November 17, 2021
Development of Western Civilization Program celebrating 50 years of teaching students about the world
By Vicki-Ann Downing
The Development of Western Civilization Program began as an experiment in September 1971 — an effort to establish a core curriculum at Providence College that would merge a traditional Great Books Program with interdisciplinary teaching in history, literature, philosophy, and theology.
Half a century later, Civ has evolved to meet the challenges of the times and expanded to incorporate new texts and themes, but at its heart, still ponders the eternal questions: What does it mean to be human? How does a human being relate to creation? How does a human being relate to God? What does it mean to live a good life? What is the best society? How does the freedom to make decisions about one’s health square with the common good?
Civ isn’t about “dead white men,” as critics contend.
It’s a course in cultural and intellectual history that poses questions with no clear answers, said Dr. Alexander Moffett, associate professor of English and Civ director from 2018-21.
“It’s ongoing — students will have to deal with its questions over the course of their whole lives,” Moffett said. “What are our debates except how to make a better society?
“If more colleges had a Civ program the world would be a better place,” Moffett said.
In its first decades, Civ was contemporary with the Cold War, Vietnam, the Civil Rights Movement, and the rise in feminism. An example of how it adapted, and why, comes from Dr. Sandra Keating, professor of theology and Civ director from 2015-18. After the terrorist attacks of Sept. 11, 2001, “We realized we hadn’t been talking about Islam at all,” Keating said. “We added study of the Quran.”
Civ has moved from large lecture halls to small seminar rooms, from Moore Hall to the Ruane Center for the Humanities. In 2013, it adopted a new structure. For three semesters, students study the world from ancient times through the American and French revolutions to the modern era. In the fourth semester, they select a colloquium to apply all they have learned to exploration of a contemporary topic. The colloquia are taught by professors from business, science, art, music, economics, and political science, among other disciplines.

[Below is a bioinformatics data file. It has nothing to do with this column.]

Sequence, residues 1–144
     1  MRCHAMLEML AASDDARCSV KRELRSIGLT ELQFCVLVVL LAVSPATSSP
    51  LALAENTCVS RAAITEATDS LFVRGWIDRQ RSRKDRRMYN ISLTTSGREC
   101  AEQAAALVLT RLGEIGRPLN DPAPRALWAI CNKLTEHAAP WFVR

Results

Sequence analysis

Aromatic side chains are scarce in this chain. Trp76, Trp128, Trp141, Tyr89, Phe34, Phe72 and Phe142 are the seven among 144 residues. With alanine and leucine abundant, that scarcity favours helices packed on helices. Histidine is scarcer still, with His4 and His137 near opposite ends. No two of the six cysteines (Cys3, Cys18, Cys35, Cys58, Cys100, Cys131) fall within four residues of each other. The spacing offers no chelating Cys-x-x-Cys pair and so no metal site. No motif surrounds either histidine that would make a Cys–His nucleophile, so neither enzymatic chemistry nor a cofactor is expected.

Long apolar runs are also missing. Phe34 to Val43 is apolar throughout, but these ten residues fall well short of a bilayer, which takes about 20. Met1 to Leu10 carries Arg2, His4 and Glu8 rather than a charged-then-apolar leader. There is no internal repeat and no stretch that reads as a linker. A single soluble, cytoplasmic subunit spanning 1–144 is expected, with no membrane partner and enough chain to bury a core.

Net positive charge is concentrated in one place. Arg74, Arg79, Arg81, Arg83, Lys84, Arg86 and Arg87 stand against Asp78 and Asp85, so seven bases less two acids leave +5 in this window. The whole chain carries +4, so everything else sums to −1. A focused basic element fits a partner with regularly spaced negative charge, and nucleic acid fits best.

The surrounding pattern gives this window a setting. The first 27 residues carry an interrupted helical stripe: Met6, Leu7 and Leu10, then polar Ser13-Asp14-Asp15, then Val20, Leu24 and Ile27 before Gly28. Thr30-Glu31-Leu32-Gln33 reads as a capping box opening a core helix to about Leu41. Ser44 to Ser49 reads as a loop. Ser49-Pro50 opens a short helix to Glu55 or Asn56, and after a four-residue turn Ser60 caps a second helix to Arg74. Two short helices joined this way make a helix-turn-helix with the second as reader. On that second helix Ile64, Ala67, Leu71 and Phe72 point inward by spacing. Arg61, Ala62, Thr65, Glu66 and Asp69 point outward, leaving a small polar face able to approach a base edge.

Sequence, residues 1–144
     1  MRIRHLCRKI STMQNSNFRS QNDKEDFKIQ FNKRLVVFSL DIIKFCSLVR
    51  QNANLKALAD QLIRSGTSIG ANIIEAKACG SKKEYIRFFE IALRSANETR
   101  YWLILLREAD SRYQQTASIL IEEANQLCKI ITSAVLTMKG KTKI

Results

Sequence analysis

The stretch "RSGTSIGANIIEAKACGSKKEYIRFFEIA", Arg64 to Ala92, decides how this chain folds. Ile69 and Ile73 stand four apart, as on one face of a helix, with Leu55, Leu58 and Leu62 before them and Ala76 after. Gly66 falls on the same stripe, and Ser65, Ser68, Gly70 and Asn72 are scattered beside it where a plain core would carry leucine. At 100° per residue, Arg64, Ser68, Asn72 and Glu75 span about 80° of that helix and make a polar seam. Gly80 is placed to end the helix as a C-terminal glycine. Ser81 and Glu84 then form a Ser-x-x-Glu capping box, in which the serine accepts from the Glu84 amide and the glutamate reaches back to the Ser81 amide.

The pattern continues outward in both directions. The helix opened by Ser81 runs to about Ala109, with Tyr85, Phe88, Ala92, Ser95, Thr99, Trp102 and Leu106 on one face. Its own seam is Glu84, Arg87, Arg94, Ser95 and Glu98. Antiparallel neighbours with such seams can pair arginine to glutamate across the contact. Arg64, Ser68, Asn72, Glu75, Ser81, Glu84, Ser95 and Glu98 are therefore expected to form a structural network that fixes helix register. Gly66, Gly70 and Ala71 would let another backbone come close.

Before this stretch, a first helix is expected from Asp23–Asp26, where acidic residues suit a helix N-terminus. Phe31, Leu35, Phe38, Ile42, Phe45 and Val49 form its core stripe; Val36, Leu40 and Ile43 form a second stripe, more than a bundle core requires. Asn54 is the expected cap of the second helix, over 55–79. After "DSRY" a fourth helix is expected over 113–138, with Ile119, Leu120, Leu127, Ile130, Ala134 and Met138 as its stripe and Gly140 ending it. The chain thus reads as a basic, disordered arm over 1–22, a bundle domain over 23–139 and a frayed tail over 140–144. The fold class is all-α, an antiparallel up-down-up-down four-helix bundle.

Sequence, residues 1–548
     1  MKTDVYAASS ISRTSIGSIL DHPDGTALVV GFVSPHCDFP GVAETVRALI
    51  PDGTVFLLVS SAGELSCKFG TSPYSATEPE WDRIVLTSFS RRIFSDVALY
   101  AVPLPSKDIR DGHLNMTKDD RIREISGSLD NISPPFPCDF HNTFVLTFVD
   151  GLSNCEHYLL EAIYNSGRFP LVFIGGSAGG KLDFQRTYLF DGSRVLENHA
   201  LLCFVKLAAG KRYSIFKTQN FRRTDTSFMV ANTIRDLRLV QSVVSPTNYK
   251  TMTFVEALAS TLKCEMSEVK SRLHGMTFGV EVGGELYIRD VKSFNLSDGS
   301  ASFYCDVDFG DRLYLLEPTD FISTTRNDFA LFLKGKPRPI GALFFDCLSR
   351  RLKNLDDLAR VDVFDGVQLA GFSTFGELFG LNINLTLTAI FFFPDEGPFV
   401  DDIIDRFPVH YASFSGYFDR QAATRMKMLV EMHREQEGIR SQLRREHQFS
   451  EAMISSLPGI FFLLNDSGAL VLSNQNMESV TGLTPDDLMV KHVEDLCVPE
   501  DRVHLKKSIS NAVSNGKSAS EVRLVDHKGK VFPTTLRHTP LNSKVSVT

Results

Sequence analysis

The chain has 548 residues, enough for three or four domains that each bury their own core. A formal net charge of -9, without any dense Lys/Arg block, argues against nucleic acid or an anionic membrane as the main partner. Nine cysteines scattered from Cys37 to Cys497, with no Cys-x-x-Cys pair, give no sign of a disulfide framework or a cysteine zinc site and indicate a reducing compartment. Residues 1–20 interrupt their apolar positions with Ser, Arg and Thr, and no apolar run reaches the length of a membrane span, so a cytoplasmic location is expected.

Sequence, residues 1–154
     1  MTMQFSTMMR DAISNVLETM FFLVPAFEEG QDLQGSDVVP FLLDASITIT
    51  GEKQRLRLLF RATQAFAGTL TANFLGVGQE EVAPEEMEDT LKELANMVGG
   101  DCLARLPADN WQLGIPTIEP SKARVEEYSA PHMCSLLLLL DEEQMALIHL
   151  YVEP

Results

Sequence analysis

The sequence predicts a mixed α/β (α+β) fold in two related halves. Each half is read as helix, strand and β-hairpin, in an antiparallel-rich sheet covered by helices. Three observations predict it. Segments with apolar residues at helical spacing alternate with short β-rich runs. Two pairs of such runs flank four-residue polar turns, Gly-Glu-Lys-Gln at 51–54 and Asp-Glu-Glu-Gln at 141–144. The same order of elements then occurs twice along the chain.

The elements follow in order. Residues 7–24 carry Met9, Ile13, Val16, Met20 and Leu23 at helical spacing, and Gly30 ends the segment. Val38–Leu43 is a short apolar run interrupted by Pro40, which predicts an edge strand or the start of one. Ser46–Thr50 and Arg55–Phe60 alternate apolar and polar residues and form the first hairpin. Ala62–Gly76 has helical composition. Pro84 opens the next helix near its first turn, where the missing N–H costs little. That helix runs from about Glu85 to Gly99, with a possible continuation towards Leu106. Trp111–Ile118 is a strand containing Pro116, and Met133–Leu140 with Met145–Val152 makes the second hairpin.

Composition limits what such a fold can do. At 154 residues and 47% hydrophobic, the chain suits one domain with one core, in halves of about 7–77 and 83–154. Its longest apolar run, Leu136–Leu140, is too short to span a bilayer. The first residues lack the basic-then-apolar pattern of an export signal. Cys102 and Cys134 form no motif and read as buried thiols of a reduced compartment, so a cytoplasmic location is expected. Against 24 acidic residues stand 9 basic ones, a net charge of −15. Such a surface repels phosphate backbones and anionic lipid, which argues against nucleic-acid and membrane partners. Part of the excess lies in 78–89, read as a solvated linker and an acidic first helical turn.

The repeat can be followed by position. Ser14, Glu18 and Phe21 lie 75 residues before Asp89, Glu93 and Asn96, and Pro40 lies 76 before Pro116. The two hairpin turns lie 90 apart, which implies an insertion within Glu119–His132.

Through a new Civ in London option, a dozen sophomores will spend their spring semester in London beginning in January 2022, taking a Civ colloquium taught by two PC professors while completing other coursework at British universities. Dr. Stephanie Boeninger, associate professor of English, and Dr. Margaret M. Manchester ’83G, assistant professor of history, will teach the students in an interdisciplinary DWC colloquium, Battlefronts and Home Fronts: The Making of War and Peace in Western Civilization. Students will take other courses through IES Abroad and have the option to enroll in additional courses at City University, London and Queen Mary University.
Dr. Jennifer Illuzzi, associate professor of history, began a three-year term as Civ director this fall. She leads the Development of Western Civilization Program Committee, which includes members of Faculty Senate, representatives of the major four disciplines, and two student representatives. The committee reviews and critiques syllabi, makes programmatic structure changes, observes professors teaching, and offers workshops. It added a diversity objective in 2019 to incorporate contributions from women and writers of color.
“We’re not thinking about coverage of history, but about the questions we want students to be able to answer,” Illuzzi said.